The State urges error in the reviewing court's finding that the Commission's actions in conducting the investigation and subsequently adjudicating the charges were violative of 4-22-1-20. We agree that the finding was in error. However, it does not present reversible error.

The State correctly points to the relevant portion of the record which indicates that those members of the Commission who participated in the investigation and who signed the investigation report disqualified themselves from the appeal proceedings. The record, moreover, shows that Lehman and his counsel agreed to let the hearing proceed and to accept the hearing verdict despite the absence of a quorum (resulting from Commission members' disqualification).

Lehman contends, though, that he did not waive any right, as the State maintains, regarding the manner in which the hearing was conducted but that the record solely indicates waiver to objection to an absence of quorum. Even if the record was susceptible of such an interpretation, Lehman failed to enter a contemporaneous objection stating the claimed grounds therefor and, thus, waived any error. Finally, our review of the hearing proceedings reveals no indication that Lehman did not have a procedurally fair hearing or that the requirements of due process were violated. Notwithstanding Lehman's reception of a fair appeal hearing and the trial court's ruling to the contrary, we will not reverse on this issue, for we agree with the trial court on the merits that the Commission's final decision was not supported by substantial evidence. We next address that precise issue.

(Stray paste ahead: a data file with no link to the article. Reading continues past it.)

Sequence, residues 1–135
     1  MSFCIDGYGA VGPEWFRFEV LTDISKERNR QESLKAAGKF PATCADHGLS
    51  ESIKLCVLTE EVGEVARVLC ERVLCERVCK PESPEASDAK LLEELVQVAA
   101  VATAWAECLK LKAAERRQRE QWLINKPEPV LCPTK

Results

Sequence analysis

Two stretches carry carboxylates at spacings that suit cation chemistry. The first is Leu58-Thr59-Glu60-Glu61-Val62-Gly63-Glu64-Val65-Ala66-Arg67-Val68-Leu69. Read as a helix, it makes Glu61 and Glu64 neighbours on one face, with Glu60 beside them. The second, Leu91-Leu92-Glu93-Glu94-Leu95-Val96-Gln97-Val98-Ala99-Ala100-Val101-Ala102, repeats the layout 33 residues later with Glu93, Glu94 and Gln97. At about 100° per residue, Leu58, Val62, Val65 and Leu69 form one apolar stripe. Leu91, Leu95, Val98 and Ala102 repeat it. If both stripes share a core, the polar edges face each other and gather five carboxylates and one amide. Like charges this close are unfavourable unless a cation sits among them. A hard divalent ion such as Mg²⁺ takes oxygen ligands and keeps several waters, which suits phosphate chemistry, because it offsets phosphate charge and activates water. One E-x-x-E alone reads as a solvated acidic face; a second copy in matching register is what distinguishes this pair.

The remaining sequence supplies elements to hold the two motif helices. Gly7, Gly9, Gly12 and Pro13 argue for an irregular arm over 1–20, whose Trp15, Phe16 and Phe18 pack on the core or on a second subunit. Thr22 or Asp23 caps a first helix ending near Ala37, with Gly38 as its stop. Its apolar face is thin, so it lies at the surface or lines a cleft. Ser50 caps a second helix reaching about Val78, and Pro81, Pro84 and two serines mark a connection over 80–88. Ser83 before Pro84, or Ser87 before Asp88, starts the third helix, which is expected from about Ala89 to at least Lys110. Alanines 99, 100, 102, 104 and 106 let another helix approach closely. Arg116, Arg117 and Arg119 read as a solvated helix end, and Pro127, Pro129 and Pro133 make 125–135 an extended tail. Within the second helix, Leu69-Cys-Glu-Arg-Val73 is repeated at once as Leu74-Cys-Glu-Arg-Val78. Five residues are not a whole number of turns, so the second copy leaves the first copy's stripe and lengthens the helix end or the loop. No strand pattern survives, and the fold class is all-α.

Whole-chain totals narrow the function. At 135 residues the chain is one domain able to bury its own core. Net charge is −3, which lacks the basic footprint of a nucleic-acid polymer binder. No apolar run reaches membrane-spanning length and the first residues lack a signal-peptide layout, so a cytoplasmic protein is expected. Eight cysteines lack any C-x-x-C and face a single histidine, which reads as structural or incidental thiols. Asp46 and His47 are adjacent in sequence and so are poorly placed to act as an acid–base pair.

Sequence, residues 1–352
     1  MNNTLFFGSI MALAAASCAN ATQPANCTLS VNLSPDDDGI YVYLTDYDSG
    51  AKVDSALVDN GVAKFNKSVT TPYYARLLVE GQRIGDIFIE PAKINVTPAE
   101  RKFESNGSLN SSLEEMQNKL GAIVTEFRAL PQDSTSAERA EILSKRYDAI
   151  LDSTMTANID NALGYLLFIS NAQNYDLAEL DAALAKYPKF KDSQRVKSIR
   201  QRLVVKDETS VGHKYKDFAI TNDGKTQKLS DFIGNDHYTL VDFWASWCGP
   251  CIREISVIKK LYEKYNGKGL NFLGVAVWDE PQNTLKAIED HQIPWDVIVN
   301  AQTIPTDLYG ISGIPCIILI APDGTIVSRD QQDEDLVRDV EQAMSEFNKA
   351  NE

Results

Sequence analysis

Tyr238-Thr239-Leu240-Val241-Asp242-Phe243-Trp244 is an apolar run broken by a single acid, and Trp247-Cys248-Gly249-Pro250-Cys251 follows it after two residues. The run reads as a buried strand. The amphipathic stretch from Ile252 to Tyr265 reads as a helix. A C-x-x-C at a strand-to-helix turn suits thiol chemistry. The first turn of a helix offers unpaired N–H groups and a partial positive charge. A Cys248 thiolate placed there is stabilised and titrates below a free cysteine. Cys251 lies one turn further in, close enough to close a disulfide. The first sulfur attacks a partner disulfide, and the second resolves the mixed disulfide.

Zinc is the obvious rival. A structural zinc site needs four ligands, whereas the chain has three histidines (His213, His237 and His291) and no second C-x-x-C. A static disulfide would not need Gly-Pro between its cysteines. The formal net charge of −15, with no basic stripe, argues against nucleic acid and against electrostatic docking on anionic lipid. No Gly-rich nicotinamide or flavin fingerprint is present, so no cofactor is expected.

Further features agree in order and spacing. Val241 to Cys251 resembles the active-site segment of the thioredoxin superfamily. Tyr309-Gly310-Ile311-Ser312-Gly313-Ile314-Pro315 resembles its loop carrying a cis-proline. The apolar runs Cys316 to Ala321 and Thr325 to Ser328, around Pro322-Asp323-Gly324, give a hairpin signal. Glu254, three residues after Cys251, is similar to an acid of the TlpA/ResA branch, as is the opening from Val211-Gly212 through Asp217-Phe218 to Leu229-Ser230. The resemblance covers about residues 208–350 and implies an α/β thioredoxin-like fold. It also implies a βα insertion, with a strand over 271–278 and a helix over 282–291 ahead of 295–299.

With respect to the last alleged error, the State maintains that the trial court erred in its review of the Commission's determination by reweighing the evidence and that substantial evidence was presented on each of the charges made against Lehman.

As the State has properly framed the issue, we are presented the opportunity to summarize 1 the proper standard of trial court review of administrative determinations. In cases where appeal from an administrative determination is made pursuant to the Indiana Administrative Adjudication Act, IC 1971, 4-22-1-1 to 30 (Burns Code Ed.), such as in the present case, section 4-22-1-18 provides:

4-22-1-18 (63-3018). Judicial review Procedure. On such judicial review such court shall not try or determine said cause de novo, but the facts shall be considered and determined exclusively upon the record filed with said court pursuant to this act (4-22-1-1 4-22-1-30).

On such judicial review, if the agency has complied with the procedural requirements of this act, and its finding, decision or determination is supported by substantial, reliable and probative evidence, such agency's finding, decision or determination shall not be set aside or disturbed.

If such court finds such finding, decision or determination of such agency is:

(1) Arbitrary, capricious, an abuse of discretion or otherwise not in accordance with law; or

(2) Contrary to constitutional right, power, privilege or immunity; or

(3) In excess of statutory jurisdiction, authority or limitations, or short of statutory right; or

(4) Without observance of procedure required by law; or

(5) Unsupported by substantial...

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    ...of substantial evidence "a legal term which defies precise definition." State Department of Natural Resources v. Lehman (1978), Ind.App., 378 N.E.2d 31, See 4 K. Davis, Administrative Law Treatise § 29.01 (1958). To be upheld, an administrative determination must have a reasonably sound bas......